As I’ve been absorbing more Lego culture, I’ve become interested in how to capture the essential elements of an object in a model. From experience we carry some of these essentials in our minds. For example if I say to you ‘chair’, you form an image of a chair in your mind. It probably is an object for humans to sit on, likely it has a back and four legs.
Young children’s play and conversation is busy with learning the classification rules that build up this a posteriori knowledge. A baby may form the rule that all animals are ‘cat’ but then this rule is refined as they use it and are corrected.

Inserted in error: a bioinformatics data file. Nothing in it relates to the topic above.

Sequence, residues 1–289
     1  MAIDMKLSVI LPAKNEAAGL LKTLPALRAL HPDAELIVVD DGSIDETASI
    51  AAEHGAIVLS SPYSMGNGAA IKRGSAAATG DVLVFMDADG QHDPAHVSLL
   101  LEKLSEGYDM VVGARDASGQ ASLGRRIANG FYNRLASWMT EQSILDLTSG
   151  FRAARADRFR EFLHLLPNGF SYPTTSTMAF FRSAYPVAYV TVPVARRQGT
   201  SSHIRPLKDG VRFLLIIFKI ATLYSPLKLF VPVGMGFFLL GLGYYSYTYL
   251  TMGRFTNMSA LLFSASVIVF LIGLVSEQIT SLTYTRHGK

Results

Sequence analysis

A minimal Lego model will be successful if (A) the viewer has a set of essential traits in mind, and (B) if the model displays enough of these traits to call forth the idea of the object. Luckily human brains are wired for making these leaps – for finding recognisable patterns in data (called pareidolia). In fact, it often gets us into trouble – for example seeing the Madonna in a water stain.
Perhaps you will recognise the subject of this low resolution (425 pxiel) image:
This calling up of an object or scene from minimal detail can be taken to some enchanting extremes. For example, this miniland scale Simpsons by Madoruk does not require much of a stretch:
but the characters in this version by Sergey Morozov are still instantly familiar to us: